The day the Baltimore Orioles first called up Manny Machado, they were in a three-way tie for the American League wild-card lead, and third base was a problem. Wilson Betemit and Robert Andino were splitting the job, and they weren’t getting the job done.

Machado was a shortstop who was one of the best prospects in baseball. He had just turned 20, but the Orioles arranged for him to play two games at third base in the Double-A Eastern League. And then they called him up and handed him the position in the major leagues.

Machado had two hits that first day and two home runs the next. He ended up hitting just .262, but the Orioles went on a 33-18 run that got them into the playoffs.

Four years later, people are comparing Machado to Brooks Robinson.

“He might be better than Brooks,” said one AL scout who watched Machado last week.

Yoan Moncada doesn’t need to be that good to help the Boston Red Sox. But he might be.

Moncada turned 21 in May. He’s a second baseman who is one of the best prospects in baseball, but the Red Sox just moved him to third base in the Double-A Eastern League. The Red Sox are leading the AL wild-card race, but third base is a problem. Travis Shaw and Aaron Hill are splitting the job, and they’re not getting the job done.

Now, Moncada will have his chance with the Red Sox announcing his promotion late Wednesday night after Boston’s 8-6 win over the Rays

I’ll trust the Red Sox are making the right move, because Dombrowski has never been shy about pushing talented young players to the big leagues and giving them a shot. He did it already this month with 22-year-old outfielder Andrew Benintendi, who rewarded the Red Sox’s faith with an .850 OPS and outstanding defense after they promoted him Aug. 2 from Double-A Portland.

The Red Sox needed help in left field, and they needed a spark. Benintendi gave them both, but then he got hurt. He went on the disabled list Aug. 25 with a sprained left knee, and while the injury isn’t as serious as feared, he can’t spark them right now.

Perhaps Moncada can.

An AL scout who has seen Portland quite a bit said in an ideal world, Moncada becomes a major leaguer next year. In the world the Red Sox live in, it’s worth a shot now.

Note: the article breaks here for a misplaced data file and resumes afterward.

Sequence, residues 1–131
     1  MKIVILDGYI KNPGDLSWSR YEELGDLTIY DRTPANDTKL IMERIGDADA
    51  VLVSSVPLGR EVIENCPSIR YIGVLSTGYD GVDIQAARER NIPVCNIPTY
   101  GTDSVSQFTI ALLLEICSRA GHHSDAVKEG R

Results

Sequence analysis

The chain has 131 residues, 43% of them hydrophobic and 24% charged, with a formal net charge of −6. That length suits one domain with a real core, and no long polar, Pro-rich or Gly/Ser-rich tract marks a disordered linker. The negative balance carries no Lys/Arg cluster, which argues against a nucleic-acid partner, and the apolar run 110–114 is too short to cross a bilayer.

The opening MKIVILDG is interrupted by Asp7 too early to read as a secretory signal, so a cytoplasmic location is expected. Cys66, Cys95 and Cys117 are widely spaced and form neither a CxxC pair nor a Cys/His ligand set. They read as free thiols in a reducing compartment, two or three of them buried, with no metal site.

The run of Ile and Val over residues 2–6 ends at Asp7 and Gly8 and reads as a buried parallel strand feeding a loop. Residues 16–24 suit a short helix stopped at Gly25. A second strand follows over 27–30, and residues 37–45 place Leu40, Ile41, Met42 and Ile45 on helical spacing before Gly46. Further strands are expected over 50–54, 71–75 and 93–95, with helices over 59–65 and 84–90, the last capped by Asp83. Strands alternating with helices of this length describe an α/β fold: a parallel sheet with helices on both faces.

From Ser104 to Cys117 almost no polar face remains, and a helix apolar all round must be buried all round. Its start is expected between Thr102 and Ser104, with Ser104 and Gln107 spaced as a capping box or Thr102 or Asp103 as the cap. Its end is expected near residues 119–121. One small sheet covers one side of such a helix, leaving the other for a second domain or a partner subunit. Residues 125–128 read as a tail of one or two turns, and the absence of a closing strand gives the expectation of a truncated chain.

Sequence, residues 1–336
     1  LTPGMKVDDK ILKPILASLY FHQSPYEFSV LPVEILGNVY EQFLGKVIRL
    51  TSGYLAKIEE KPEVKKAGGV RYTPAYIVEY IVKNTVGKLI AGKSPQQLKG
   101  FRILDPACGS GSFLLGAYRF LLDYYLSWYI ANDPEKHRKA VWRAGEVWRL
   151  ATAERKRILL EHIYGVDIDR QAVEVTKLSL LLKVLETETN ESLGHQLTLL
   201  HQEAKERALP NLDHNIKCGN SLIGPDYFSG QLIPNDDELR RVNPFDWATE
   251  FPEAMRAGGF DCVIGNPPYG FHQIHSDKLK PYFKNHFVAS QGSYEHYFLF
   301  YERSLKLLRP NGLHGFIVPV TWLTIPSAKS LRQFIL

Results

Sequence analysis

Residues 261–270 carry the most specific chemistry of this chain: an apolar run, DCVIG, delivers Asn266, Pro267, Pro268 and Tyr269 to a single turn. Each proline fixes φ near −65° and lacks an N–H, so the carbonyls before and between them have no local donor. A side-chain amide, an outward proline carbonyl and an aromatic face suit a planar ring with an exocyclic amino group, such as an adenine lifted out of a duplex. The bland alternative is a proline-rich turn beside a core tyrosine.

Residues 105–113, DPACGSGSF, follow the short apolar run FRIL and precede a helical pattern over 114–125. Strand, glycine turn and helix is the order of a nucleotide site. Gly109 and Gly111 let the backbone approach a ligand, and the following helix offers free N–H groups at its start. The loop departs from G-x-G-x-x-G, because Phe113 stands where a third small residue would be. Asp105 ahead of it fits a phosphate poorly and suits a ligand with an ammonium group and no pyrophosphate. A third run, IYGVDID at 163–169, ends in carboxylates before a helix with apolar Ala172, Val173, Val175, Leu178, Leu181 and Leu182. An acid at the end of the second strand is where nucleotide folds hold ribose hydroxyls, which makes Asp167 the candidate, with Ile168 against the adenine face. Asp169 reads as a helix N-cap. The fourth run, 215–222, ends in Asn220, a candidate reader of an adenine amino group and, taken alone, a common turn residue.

“If I was the Red Sox, I would do it,” the scout said. “Look what the Yankees did with [Gary] Sanchez.”

There are no guarantees, but when Baseball America ranked the top 100 prospects in the game last winter, Moncada was third. He was behind Corey Seager and Byron Buxton but well ahead of Benintendi (15) and Sanchez (36).

Moncada ranked first in the same magazine’s midseason update, ahead of Benintendi, Sanchez and a few other players already having success in the big leagues in Alex Reyes, Alex Bregman and Trea Turner. Moncada was the Most Valuable Player of the All-Star Futures Game.

Moncada is younger than all those guys, and the rankings are based on future potential, not instant readiness. But given his speed and baserunning ability—his 45 steals are the most of anyone in the Red Sox organization, including on the big league team—Moncada is an obvious choice for a 40-man September roster.

The question is whether he can be more than that. The Red Sox think there’s a chance, given the recent decision to move him to third base. He wasn’t going to come up and displace Dustin Pedroia at second, but Boston’s third basemen have been among the least productive in the majors.

While the Red Sox have been baseball’s highest-scoring team, their third basemen ranked 27th in the majors with a .712 OPS entering play Tuesday. The recent numbers have been worse than that. Shaw had a .176 batting average and .572 OPS in August; Hill, acquired July 7 from the Milwaukee Brewers for two minor leaguers, had a .194 batting average and .512 OPS in his first 32 games with the Red Sox.

When I wrote about Moncada for Bleacher Report last winter, I reported he wouldn’t be ready for the big leagues this year and might not be ready next year, either. But I also used something Moncada said to reporters then: “I have one goal, and that’s getting to the big leagues.”

Players arrive at their own paces, but they show up faster when they make big progress and their teams have big needs. Both those things appear true now with Moncada, just as they did four years ago with Machado.

“I just wanted to play in the big leagues,” Machado said then, in a story I did for “If it would have been catching or playing the outfield, I’d have tried to do the job.”

Machado quickly looked like a natural at third base. Moncada, according to scouts who have seen him, isn’t likely to be as much of a defensive star.

“He’s not going to be a 75-80 fielder [on a 20-80 scouting scale] like Machado is,” the AL scout said. “At second base, he had 60-65 range. But his bat is where his money is.”

The bat and the potential have made Moncada money already, with the Red Sox paying $31.5 million to sign him after he left Cuba. It looks more and more like that investment will pay off.

It might start paying off this week.


Danny Knobler covers Major League Baseball as a national columnist for Bleacher Report.

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